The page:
Jeffrey St. Clair

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Jeffrey St. Clair is an investigative reporter who has written extensively on politics and the environment. He formerly published Wild Forest Review. Alexander Cockburn and St. Clair write the newsletter and website CounterPunch. [1]

"An Indianapolis native, St. Clair is known to many in Indiana as the founder of the forest protection group ForestWatch, which he organized in 1985 in response to a U.S. Forest Service plan for off-road vehicle trails in Brown County near the isolated ridge-top cabin he, wife Kim and family called home. Throughout the Hoosier struggle, St. Clair earned a reputation as a tenacious, unyielding defender of the forest's environmental integrity. He went to work for the Hoosier Environmental Council and wrote the Conservationist Alternative, which became the foundation of the ecofriendly management plan that has guided Hoosier management activities since the early 1990s. St. Clair moved to Oregon in 1990 to work with forest economist Randal O'Toole, editing a newsletter called "Forestwatch." When the two split in 1993, St. Clair started a newsletter called "Wild Forest Review," an early preparation for writing Al Gore: A User's Manual. "Wild Forest Review's" debut coincided with the early years of the Clinton-Gore administration when mainstream environmental groups were positively giddy at the prospect of a Gore vice presidency. Early in 1993, Clinton and Gore came to the Northwest and convened a summit on ancient forest logging and the spotted owl. Their proposed solution, known as Option 9, was among the initial issues covered in "Wild Forest Review." St. Clair was among the first ecojournalists to recognize that environmentalists who embraced Clinton-Gore were abandoning their principles. "Eventually, the national environmental groups were coerced into supporting Option 9, which ensured that old growth forests would be logged for the next 50 years," St. Clair said from his home in Oregon City near Portland. "During the Bush years, these people saw the logging of old growth forests as a crime. Under Clinton and Gore, they saw it as political expediency."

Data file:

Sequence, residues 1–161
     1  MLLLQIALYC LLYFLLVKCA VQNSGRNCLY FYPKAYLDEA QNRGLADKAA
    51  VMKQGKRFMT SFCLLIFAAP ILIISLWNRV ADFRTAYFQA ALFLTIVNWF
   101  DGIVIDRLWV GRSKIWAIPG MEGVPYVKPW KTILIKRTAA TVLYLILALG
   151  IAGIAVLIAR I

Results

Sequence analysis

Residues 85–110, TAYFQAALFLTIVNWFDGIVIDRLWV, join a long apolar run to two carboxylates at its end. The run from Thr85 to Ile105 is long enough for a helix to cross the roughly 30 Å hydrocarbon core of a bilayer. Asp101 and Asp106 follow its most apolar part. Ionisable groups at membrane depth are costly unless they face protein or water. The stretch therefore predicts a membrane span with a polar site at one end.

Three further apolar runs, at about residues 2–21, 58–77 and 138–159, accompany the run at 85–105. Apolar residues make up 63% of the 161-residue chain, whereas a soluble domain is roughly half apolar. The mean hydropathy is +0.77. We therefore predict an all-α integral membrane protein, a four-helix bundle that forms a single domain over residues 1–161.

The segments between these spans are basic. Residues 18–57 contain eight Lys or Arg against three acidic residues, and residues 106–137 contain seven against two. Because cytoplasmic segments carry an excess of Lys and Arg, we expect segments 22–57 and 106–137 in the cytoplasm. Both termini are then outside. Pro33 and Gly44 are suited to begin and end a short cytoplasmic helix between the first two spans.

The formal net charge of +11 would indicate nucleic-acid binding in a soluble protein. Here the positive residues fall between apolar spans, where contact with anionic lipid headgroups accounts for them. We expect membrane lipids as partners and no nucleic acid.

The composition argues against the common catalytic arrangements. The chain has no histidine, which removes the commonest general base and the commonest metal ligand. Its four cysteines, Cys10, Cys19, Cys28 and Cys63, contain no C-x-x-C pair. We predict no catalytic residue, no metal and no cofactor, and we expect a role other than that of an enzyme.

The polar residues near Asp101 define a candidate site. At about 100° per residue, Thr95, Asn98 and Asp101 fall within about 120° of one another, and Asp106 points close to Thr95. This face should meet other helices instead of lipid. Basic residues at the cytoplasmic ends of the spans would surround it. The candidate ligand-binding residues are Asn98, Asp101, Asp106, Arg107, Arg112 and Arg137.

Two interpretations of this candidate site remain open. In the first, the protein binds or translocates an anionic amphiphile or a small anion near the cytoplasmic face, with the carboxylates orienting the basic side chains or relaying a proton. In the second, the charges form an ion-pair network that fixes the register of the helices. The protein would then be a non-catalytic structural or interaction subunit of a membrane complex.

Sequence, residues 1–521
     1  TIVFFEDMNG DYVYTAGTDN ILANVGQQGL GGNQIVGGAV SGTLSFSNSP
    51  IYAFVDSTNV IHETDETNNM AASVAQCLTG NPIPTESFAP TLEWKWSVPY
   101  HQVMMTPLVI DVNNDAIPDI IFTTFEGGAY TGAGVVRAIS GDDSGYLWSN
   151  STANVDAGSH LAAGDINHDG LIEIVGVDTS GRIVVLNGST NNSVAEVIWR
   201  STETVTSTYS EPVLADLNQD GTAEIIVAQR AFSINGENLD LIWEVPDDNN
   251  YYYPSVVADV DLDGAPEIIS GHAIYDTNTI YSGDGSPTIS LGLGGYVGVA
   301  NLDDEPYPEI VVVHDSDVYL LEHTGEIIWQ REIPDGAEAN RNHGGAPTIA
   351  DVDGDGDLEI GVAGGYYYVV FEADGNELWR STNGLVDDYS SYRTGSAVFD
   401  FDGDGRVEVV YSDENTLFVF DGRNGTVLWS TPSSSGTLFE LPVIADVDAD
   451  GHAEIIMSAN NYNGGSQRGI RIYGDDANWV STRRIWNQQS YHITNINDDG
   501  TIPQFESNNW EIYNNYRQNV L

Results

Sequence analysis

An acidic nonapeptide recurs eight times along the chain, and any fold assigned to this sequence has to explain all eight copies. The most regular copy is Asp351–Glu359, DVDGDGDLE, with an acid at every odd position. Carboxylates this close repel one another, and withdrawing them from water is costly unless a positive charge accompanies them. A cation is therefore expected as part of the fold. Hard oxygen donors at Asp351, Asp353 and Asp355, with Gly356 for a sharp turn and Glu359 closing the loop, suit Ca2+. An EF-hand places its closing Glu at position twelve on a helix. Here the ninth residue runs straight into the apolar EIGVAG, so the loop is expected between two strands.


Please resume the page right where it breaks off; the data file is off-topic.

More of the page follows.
"Environmental muckraking: St. Clair began covering the new environmental movement, which was composed of younger, more militant activists "who challenged the bona fides of Clinton-Gore." He also became a leading critic of the large national environmental foundations and their connections to corporate money. After three years, "Wild Forest Review" folded from lack of funding. But St. Clair's writing on Gore and the North American Free Trade Agreement had caught the attention of Cockburn, whose progressive writings in the Village Voice, The Nation and other publications had always inspired St. Clair. St. Clair and Cockburn now co-edit the political newsletter Counterpunch. In 1998, they collaborated on Whiteout: The CIA, Drugs and the Press. In 1999, St. Clair and James Ridgeway co-authored A Pocket Guide to Environmental Bad Guys. The Village Voice has dubbed St. Clair "America's best environmental muckraker."" [2]

In 2011 Jeffrey St. Clair and Joshua Frank will publish GreenScare: the New War on Environmentalism.

Resources and articles

Related Sourcewatch articles

References

  1. Whiteout, Verso, accessed October 14, 2008.
  2. PUNCTURING THE IMAGE OF MR NICE GUY, Counterpunch, accessed October 14, 2008.